Remove Query Strings from Static Resources is showing a score of D 62, which need to be fixed. In order to fix this issue, I installed a WP plugin Remove Query Strings from Static Resources and activated it from WP Dashboard. I took another site speed test at GTmetrix and got the following result.
Now, you can see that the score on Remove Query Strings from Static Resources moved up from its earlier value of D 62 to A 93, a remarkable improvement.
Next site speed limiting issue clouding our site is related to serving scaled images. Looking at the following screenshot, you can see the score on Serve Scaled Images as D (60). The GTmetrix speed test report gives a list of images which are resized in HTML or CSS.
Noting down the actual size of the images in which these images are served, I downloaded the original images from site and scaled it to the given size. I replaced the original images with the scaled images after scaling the images manually with the help of an image editor software. Most of the photo editing software have an option to scale the images.
I benchmarked the site once again on GTmetrix to analyze the speed performance achieved so far. Looking at the following site speed test report, you can see that the score on Serve Scaled Images has moved up from its earlier value of D (60) to A (90).
Optimize Images got a score of D (62) when the site was benchmarked for speed at Gtmetrix. Looking at the following screenshot, you can see a list of images which are not optimized.
Looking at the GTmetrix report, you can also see a link to “See optimized version”. Clicking on the link opens the optimized version of the image. An easy fix is to download the optimized version of the image and substitute the original images against its optimized version. You can either use cPanel or an FTP client to upload optimized images. After replacing the original images with their optimized versions, I benchmarked the site once again on GTmetrix and got the following result.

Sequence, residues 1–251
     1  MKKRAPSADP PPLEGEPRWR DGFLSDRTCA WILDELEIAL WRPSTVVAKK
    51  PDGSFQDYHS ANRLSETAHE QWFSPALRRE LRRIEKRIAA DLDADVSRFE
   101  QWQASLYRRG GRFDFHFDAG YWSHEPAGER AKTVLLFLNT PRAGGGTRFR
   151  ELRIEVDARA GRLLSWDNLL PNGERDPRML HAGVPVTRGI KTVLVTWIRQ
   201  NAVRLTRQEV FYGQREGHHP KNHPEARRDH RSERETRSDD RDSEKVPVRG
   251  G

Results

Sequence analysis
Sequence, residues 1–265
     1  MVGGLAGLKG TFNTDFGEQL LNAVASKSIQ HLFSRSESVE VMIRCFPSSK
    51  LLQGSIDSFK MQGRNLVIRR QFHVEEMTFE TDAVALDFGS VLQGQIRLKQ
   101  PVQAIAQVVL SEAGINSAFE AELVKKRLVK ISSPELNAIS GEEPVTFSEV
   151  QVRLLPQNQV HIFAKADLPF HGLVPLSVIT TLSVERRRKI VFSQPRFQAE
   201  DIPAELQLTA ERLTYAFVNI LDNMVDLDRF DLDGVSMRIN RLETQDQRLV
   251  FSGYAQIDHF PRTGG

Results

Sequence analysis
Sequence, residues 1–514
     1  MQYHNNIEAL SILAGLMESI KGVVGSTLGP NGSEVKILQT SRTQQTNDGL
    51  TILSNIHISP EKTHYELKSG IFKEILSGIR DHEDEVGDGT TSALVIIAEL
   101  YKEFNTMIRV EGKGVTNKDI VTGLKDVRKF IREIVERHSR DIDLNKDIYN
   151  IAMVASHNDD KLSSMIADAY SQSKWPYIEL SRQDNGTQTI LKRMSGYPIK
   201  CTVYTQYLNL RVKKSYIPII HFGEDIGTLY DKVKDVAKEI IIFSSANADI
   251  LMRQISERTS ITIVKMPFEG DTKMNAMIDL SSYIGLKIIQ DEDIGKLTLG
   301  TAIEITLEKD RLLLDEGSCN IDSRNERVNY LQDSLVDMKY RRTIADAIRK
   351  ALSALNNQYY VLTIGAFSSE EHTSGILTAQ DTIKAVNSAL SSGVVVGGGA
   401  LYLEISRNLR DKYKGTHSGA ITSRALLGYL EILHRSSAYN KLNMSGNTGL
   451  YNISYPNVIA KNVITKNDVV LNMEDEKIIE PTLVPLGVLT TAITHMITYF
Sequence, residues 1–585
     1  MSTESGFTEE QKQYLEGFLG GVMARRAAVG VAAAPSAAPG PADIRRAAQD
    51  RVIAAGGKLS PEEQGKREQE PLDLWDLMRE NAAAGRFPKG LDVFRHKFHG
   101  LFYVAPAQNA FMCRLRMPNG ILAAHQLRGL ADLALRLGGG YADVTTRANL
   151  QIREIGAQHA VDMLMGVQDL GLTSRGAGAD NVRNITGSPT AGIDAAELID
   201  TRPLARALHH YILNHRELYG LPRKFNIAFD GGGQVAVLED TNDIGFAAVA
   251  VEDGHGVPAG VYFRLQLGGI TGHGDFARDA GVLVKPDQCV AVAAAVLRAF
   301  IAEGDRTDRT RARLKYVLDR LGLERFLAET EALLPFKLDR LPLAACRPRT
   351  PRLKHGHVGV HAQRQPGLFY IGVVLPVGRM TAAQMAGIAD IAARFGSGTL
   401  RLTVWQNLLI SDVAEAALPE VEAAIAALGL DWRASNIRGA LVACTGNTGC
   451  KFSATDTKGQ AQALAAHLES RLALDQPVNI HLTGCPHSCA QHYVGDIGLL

You can see that the score on Optimize Images moved up from its earlier value of D (62) to A(100), a perfect full improvement.
Looking at another section of GTmetrix site speed test report, I noticed the score on Leverage Browser Caching at C (76).
Since we are using CloudFlare on this site, I thought of fixing the issue of Leverage Browser Caching from CloudFlare Performance settings page. I edited the value of Minimize expire TTL 5 days and made it to 7 days. I benchmarked the site once again on Gtmetrix and got the following GTmetrix site speed report.
As you can see in the GTmetrix report, Leverage Browser Caching score shot up to A (100) against its previous value of C (76).
Overall, the site speed score report is showing good improvement over its previous values, page load time 3.79s. In order to improve page load time further, I moved ahead to fine tune the site so that it can load faster.
zLib compression is another important site load improvement factor that can speed up websites load time. In order to turn on zLib compression, I created a file named php.ini in the root folder and added the following lines into the file.
memory_limit = 512M
max_execution_time = 240
max_input_time = 120
After making the above changes, I cleared all the cache before pulling the site once again. GTmetrix speed test report returned the following results.
Page Speed Grade: (94%) A
YSlow Grade: (94%) A
Page load time: 1.65s
Total page size: 349KB
Total number of requests: 20
The site speed test result looks nice, but it also seems that the DNS change has not propagated yet. Once the DNS propagates across the world, the site speed is expected to improve further.